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Myanmar pact to help India contain North-East militancy

Myanmar pact to help India contain North-East militancy
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First Published: Sun, Aug 01 2010. 11 57 PM IST
New Delhi: As part of an effort to contain terror groups operating out of its neighbourhood, India has signed a mutual legal assistance agreement through which Indian insurgents held in Myanmar can be deported for trial under Indian laws.
India had been pushing for the pact with Myanmar for two-and-a-half decades. It was signed during the 25-29 July visit of Than Shwe, the leader of Myanmar’s military government.
The deal will help India “combat transnational organized crimes, trans-border terrorism, drug trafficking, money laundering, counterfeit currency, smuggling of arms and explosives,” the home ministry said.
“Under the provisions of the treaty signed last week, Indian insurgents caught in Myanmar can be handed over to India,” a senior home ministry official said.
A foreign ministry official added that such insurgents can then be tried under Indian laws. Both spoke on condition of anonymity.
India shares a 1,640km unfenced border with Myanmar. This has allowed militant outfits of India’s north-east—where tribal and ethnic groups are fighting for greater autonomy or independence—to use Myanmar as a springboard for hit-and-run strikes.
At least half a dozen such outfits, including the United Liberation Front of Asom (Ulfa) and the Nationalist Socialist Council of Nagaland-Khaplang faction, are alleged to have training camps in northern Myanmar, although they are also known to shift operations across Bhutan, Bangladesh and Nepal as well.
Ved Marwah, a former governor of the north-eastern state of Manipur, which borders Myanmar, said the deal provides India with an important instrument to fight insurgency.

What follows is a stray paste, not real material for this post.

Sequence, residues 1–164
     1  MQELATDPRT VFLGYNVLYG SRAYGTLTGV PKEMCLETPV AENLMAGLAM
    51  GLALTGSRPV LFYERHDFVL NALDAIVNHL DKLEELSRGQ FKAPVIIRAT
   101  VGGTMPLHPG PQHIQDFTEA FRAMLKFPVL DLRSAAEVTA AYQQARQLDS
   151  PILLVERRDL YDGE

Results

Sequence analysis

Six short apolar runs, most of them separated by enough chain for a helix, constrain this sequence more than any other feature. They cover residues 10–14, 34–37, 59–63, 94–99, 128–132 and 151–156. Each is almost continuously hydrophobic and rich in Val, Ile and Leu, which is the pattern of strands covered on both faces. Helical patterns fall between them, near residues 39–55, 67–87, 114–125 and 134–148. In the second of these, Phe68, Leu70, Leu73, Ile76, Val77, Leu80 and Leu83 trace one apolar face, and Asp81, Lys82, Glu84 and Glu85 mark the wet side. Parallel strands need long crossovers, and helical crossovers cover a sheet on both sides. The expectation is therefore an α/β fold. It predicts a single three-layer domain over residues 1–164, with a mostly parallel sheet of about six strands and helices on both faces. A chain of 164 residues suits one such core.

“It sends a message to the militants that they are not safe or as secure as they thought operating out of neighbouring countries,” said Marwah, who is also a former home ministry official in charge of India’s internal security.
This is the first time that Myanmar—which faces international censure for lack of democracy and a poor human rights record—has signed such an agreement with any country, another foreign ministry official said.
“We have been seeking this kind of help since the mid-1980s,” he said, requesting anonymity. “Several people (on India’s ‘wanted’ list) are already in custody in Myanmar.”
Throughout the 1980s and early 1990s, India offered unflinching support to Myanmar’s pro-democracy icon Aung San Suu Kyi. But it has changed tack after realizing that insurgent groups operating in the North-East were able to establish bases in Myanmar.
Since then, the country has actively engaged the junta, investing in infrastructure projects, exploring oil and gas blocks and offering credit.
During Than Shwe’s visit, India promised nearly $200 million (Rs930 crore) for projects in Myanmar, ranging from road construction and boosting agricultural production to building power transmission lines and railways.
Analysts said the growing ties were in the interest of both nations.
“There are (only a) few countries wanting to engage with Myanmar, and India is one of them,” said Manmohini Kaul, professor at the School of International Studies, Jawaharlal Nehru University, New Delhi. “They want to balance Chinese influence in their country with India, which is the world’s largest democracy (and) an economic power.”
India has signed similar legal assistance pacts with nearly 30 countries, including Nepal, Bangladesh, the US, Britain, Russia and the United Arab Emirates, said the home ministry.
The importance of such pacts became obvious in December, when Bangladesh handed over several key Ulfa militants to India, including the outfit’s top leader Arabinda Rajkhowa and military operations deputy chief Raju Barua.
But another official said cooperation ultimately depends on political will, and there are instances when countries decline to help each other despite being bound by agreements.
“For example, there is a Saarc (South Asian Association for Regional Cooperation) convention on terrorism that obliges all member states to cooperate against terror. But some countries cite legal problems or other difficulties to find a way out,” the official said, requesting anonymity. “The case of Bangladesh is an example, however, of the government there being forthcoming and handing over the wanted militants.”
elizabeth.r@livemint.com
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First Published: Sun, Aug 01 2010. 11 57 PM IST